It's truly a suspense, romance, and action film that looks like a water painting or ballet to watch. The fight scenes are seamed and tailored, and gorgeous to view. Both utilized such grace and style that you wanted to fight with such nonchalance. As easy as walking. I admired that it wasn't too "Crouching Tiger" in its presentation. I found that movie a little too much with them walking or flying across trees. This movie made it a little more believable by executing moves with such force and slight of hand, that it quelled the suspension of disbelief. The acting was top-notch and on par throughout the film. They were a lovable and enticing cast. In particular, you wanted to know more about Mei and her guide and you wanted them to fall for each other. The intrigue mounts as the story develops the true nature of Mei's capture and her position within her people. Her lover is left to question the very sincerity of their relationship as more plot-thickenings emerge.
I highly recommend this film to all. Don't be afraid of the subtitles. The Chinese film industry is really on a whole other level of film making than America. It's poetic with every shot and reminds you of old medieval tales in its unfolding. It is seriously a great and grand film. The fight scenes were excellent. Especially the scene of Mei mimicking the sounds on the gourds as a dance. It was sexy and delicate at the same time. The way the fabric of her clothing moved was visually stunning and breathtaking. I could immediately see this film taking place in North Africa, particularly Morocco, with black actors in the roles. The cultures seemed so similar, that's why I could envision it. Hey, it could work. Let's think about it America...lol. It was earthy, yet divine and lofty. I don't know how else to describe it. A beautiful movie by all my standards.
Friday Night Lights (2004)
Why this Team?
I'm at a loss. This entire movie made absolutely no sense. It was like watching a Soderburg film for football. The camera cutting, the pace, all so copied. I thought the subject was too not serious for them to treat it like it was. Yes, we all know Southerners like football and beauty pageants. Must we be inundated with it as an audience? I watched because of Lee and Jay. I was expecting young talent assembled in the style of Dead Poet's Society or similar to Remember the Titans. I was completely put off by the film. You didn't get the characters. It was character driven, but you didn't understand anyone's motivations or their actions for the most part. The one kid who's mom is obsessed with him being a football player. Why is he so silent? What's his deal? Did we really need the scene with him "proving" his heterosexuality? Why should we care? The movie gave us insights into these kids lives, and offered no pay-off for caring. It just made no sense.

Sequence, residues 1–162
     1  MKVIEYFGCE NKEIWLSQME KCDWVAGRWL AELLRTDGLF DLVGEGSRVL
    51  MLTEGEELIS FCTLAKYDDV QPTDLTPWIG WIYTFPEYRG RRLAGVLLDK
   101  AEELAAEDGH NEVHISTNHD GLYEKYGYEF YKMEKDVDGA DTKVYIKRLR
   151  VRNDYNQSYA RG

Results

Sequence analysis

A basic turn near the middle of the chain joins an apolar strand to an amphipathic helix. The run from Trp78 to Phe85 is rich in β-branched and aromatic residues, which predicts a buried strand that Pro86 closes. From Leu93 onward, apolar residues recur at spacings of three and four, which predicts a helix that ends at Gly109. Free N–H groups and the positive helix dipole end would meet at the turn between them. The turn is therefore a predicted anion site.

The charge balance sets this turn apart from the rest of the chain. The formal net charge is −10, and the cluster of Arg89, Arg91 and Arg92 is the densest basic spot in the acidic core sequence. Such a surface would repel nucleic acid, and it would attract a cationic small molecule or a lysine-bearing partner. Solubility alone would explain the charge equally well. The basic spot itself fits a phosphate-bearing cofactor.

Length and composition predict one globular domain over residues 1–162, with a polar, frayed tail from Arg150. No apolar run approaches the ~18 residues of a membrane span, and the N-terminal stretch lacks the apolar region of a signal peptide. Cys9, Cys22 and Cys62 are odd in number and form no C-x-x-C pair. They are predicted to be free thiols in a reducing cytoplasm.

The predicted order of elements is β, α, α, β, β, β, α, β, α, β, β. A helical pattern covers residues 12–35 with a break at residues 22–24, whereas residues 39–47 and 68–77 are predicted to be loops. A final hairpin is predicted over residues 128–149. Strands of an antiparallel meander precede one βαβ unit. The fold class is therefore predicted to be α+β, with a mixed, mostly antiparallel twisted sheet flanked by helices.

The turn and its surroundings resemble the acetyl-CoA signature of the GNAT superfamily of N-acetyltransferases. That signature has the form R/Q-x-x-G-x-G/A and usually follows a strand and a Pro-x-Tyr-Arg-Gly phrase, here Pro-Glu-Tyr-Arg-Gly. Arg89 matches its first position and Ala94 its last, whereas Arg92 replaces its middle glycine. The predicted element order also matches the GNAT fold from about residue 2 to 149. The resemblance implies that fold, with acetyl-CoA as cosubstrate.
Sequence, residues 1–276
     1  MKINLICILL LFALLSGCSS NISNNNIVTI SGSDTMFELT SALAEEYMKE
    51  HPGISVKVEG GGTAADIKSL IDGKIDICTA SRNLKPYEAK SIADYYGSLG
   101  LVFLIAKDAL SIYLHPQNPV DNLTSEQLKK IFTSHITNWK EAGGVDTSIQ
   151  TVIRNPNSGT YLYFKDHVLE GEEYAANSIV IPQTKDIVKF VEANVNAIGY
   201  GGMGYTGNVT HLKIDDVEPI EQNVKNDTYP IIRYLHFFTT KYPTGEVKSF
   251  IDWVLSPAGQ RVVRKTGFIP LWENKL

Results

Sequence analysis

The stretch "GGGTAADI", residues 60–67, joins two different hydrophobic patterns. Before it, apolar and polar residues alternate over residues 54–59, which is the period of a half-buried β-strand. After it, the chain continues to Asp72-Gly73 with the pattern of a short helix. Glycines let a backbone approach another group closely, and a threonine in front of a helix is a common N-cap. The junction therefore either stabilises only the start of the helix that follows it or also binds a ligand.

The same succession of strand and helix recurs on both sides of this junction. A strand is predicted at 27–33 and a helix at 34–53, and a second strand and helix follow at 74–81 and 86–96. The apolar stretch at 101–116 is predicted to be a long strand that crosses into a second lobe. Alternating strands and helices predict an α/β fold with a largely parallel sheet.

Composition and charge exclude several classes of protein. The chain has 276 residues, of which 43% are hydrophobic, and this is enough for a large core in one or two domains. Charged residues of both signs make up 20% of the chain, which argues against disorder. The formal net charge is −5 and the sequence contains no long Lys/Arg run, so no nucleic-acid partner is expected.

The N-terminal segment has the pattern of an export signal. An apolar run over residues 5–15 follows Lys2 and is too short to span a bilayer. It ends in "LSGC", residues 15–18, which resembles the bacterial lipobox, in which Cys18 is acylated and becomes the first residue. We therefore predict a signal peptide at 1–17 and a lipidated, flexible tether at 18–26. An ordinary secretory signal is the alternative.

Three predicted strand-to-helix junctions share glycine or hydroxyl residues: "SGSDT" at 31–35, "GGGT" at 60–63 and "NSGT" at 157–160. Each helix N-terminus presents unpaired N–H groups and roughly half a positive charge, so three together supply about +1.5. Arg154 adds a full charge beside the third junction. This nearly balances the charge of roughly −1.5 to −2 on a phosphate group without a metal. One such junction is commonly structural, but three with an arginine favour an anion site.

And why show a movie about a team that lost? I know it's real life, but who makes movies about losers? Give us some pay-off for these guys working as hard as they did with all their "conceivable" problems, darnit. We got nothing. We got a little blip at the end of the film telling us that Mojo won the next year with the 3rd stringer (Lee). Why didn't you follow that story? What were we to get out of this one? The movie led you along, but didn't lead you anywhere. I just felt like something was missing. It felt like a bad genetic cross between Varsity Blues and Remember the Titans. At least those two movies led you somewhere. Friday Night Lights was about a loser team that lost their star player early in the movie. The actor who played him was great. You were completely annoyed by him, which was the point, but at least you understood why. They made sure you understood him, but he couldn't play, so why make sure we get his issues?
And the other team in the play-offs...are we to believe those are high school teens? Those men looked like college seniors or professional player in their 30s. Who were they trying to kid? I know the other team was to look intimidating, but that was crossing the line a little. I liked the gritty element of them negotiating with the black team, but again, how did this fit into the overall theme of the film. Nothing pieced together. The characters knew more about each other than we did, and that settles weird with me. Jay's characters had absolutely nothing to add, but he was showcased. It was all just a mess. Not worth a movie ticket or a rental fee.
Girl with a Pearl Earring (2003)